The Tender Heart of the Mother

For your encouragement in anticipation of Mothers’ Day, the following are the reflections of D. S. Faris on his mother Nancy Faris (1806-1881) upon her death. Earlier this week, this article highlighted her husband. In a biographical sketch, her son wrote of her life, including her industrious nature and business savvy; these selected paragraphs sample his praise for her motherly virtue. She raised seven sons and one daughter in the fear and admonition of the Lord. May the Lord continue to raise up such mothers:

Her talk to the children was from the heart to the heart. Besides teaching them the catechisms she gave them practical lessons about heaven, hell, God and Christ, justification and good works. From her lips I first learned the sinfulness of sin, and that self-righteousness will not justify.

It is the mother that makes the coming man. Her husband may be the pattern, but she does the molding and finishing. So long as there are sterling mothers, we can be sure of the coming generation. But the decay of womanly virtue brings the wreck of morality and manhood. It may be that woman did her best when she contented herself with giving to the world sons and daughters brought […]

That Last Old Testament Verse

Often home schooling advocates and family ministry speakers quote the last verse of the Old Testament.  Malachi 4:6 brings the Old Testament to its conclusion with this promise about life in the age of Christ: “He will restore the hearts of the fathers to their children and the hearts of the children to their fathers.” Clearly, calling people to claim a Scriptural promise that Christ’s ministry will restore healthy relationships between parents and children is a beautiful hope to offer them.

However, though that might be a possible application of this verse, it is not the proper interpretation of it.

In their classic commentary on the Old Testament, Keil & Delitsch state the following:

The meaning of this is not that he will settle disputes in families, or restore peace between parents and children; for the leading sin of the nation at the time of our prophet was not family quarrels, but estrangement from God. The fathers are rather the ancestors of the Israelite(ish) nation, the patriarchs (Abraham, Isaac and Jacob), and generally the pious forefathers, such as David and the godly men of his time. The sons or children are the degenerate descendants of Malachi’s own time and the succeeding ages.”

They go on to explain that […]

A Garden Afar

Over vales and fields,

lies a garden afar.

The beauty of its three flowers

call to me.

So I travel winding road 

for a day to gaze upon,

to joy in,

and to learn from them.

~~~~~

The first, a bright crocus, 

puts springtime delight 

in a heart shivering over 

her wintry surroundings.

As I bow to smell 

her playful fragrance,

and feel chubby, little petals against my cheek,

I wonder how one so small

– and too far away –

can put such great love

in a grandfather’s heart?

~~~~~

My next flower is a bold tulip –

how colorful, grace-filled, and statuesque she stands!

The snows melt away

before her charming aroma,

her radiant joy,

and the musical glory of springtime

she sends forth heavenward.

The father longs for the times

his tulip was in garden near;

yet gives thanks that Another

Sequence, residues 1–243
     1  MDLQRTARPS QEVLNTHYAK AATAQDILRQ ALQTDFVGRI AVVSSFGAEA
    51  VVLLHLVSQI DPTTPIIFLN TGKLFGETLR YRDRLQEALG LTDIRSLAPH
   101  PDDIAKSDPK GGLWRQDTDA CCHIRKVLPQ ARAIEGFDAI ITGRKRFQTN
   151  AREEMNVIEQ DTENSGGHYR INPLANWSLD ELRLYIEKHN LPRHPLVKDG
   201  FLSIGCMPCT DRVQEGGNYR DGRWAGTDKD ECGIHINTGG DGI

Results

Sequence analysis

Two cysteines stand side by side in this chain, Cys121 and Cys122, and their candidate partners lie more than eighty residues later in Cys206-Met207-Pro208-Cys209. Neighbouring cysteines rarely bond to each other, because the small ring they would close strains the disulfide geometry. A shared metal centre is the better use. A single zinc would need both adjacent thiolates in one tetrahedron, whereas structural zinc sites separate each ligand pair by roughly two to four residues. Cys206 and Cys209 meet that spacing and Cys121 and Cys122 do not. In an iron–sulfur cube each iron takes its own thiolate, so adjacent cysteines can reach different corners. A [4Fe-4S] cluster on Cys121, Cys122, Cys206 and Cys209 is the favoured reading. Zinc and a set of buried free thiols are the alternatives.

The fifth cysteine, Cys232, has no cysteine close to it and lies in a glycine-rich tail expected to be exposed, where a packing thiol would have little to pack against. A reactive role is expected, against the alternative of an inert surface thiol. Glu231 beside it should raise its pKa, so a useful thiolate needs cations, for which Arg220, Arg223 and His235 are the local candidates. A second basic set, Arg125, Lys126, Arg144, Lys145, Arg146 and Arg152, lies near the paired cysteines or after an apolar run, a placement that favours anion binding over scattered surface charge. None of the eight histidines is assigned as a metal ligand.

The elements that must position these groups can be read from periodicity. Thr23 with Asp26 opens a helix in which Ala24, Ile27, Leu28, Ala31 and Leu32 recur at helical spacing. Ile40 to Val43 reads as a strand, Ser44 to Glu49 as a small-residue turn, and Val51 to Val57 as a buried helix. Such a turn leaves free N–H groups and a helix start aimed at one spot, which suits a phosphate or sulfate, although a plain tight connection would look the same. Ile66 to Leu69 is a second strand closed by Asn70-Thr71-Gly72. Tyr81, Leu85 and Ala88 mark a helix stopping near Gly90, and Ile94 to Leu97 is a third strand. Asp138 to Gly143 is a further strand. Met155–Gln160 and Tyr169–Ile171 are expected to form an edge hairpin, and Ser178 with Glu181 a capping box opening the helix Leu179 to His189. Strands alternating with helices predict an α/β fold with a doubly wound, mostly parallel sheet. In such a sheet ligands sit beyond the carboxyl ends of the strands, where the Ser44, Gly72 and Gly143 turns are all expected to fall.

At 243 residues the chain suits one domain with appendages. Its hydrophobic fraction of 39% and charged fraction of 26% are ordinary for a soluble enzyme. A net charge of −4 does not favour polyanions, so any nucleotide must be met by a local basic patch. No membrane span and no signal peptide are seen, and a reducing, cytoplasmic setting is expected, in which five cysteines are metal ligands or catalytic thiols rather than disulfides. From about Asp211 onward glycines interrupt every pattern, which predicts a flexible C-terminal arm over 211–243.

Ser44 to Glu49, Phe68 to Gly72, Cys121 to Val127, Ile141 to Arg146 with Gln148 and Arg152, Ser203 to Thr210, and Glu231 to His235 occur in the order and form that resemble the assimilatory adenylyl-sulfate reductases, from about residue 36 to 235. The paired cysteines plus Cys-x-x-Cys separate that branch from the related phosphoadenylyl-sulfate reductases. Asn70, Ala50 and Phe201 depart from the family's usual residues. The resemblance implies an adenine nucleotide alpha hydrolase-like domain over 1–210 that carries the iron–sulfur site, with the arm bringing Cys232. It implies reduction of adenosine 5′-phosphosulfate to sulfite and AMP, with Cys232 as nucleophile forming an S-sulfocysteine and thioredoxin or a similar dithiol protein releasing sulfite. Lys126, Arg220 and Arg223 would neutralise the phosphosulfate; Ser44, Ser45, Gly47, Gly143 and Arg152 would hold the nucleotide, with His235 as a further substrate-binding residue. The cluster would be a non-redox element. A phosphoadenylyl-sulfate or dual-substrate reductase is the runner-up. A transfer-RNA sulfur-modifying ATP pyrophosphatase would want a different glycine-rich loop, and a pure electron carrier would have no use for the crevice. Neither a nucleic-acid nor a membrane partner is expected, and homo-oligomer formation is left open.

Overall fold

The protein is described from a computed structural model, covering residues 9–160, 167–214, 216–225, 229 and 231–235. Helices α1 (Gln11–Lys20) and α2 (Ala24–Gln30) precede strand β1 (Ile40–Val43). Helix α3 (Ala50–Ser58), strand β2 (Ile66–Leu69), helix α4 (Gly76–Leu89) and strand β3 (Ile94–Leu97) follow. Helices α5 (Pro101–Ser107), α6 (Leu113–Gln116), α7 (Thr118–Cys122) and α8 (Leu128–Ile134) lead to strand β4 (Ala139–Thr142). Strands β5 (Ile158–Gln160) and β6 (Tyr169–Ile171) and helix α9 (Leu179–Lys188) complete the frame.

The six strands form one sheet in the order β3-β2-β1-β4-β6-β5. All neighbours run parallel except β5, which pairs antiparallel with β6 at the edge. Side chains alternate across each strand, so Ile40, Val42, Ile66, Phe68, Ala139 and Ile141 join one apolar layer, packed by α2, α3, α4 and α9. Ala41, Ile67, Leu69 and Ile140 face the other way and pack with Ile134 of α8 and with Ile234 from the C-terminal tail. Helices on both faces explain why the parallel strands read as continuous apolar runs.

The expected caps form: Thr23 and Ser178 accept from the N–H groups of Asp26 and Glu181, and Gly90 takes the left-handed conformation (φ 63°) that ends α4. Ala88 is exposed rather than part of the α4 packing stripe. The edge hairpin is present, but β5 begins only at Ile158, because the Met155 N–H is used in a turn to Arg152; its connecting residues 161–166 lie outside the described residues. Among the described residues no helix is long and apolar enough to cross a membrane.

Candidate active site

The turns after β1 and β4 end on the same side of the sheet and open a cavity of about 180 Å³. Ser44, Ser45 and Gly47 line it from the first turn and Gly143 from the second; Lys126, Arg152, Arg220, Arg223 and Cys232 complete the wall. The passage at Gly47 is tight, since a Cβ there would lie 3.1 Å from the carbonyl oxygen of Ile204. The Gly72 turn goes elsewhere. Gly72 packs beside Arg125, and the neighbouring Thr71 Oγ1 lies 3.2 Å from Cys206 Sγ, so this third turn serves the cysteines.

cares for her so well.

~~~~~

The last flower, a fading red rose,

has drooping head

and slowly dropping petals.

The cruel winter

has been so […]

Brothers, Love Your Sisters

With so much talk of brotherly love in the Scriptures, it is sad that there are too few expressions of it witnessed in familial life. Especially in brothers loving their sisters.  Often it seems that brothers are too busy for sisters and bothered with their interests. With so many young ladies looking for attention in all the wrong places these days, you wonder how different things would be if brothers simply loved their sisters.

Yet that raises the question.  Brother, how do you love your sister?  Here are five simple encouragements.

Listen to her. As my own family of three boys and three girls grew, with the genders alternating boy-girl-boy-girl-boy-girl, each brother had a younger sister looking up to him.  I noticed every day that the younger sister wanted to talk and tell the older brother what was going on in the home, in her thoughts, in our lives.  Brother, you can learn to love your sister by putting down the ball or turning away from the screen for a few minutes, looking your sister in the eyes, and listening to what she is wanting to tell you.  Let her know that when she needs to talk to someone, you will be one person that will […]

What Has Love Got to Do With It?

When John writes, ‘Beloved, let us love one another’, what does he mean, and does it matter?  Is it not a bit liberal to be writing about love on a Reformation blog post.  Surely we are about ‘Doctrine, Truth, Discipline, Stewardship etc.’   Well, yes we are, but God says, if we don’t get what love is and do it, we are sunk, regardless of how outwardly correct we may appear to be.

What does John mean when he says, ‘Let us love one another?’   Well we need to begin with a definition of love?  We can’t take the Humpty Dumpty route who, when having a discussion with Alice about the meaning of words says, “when I use a word, it means what I choose it to mean, nothing more or nothing less.”  Love can’t be a word that we use and abuse dependent on what we want it to mean, or who we want it to influence or effect.

So what does ‘love’ mean?  Well there is a very simple and clear definition of ‘love’.  It is found in the root source of ‘love’.  Trace ‘love’ to its source, and there you will find God, for God is love.  ‘Love’ is neither an attribute […]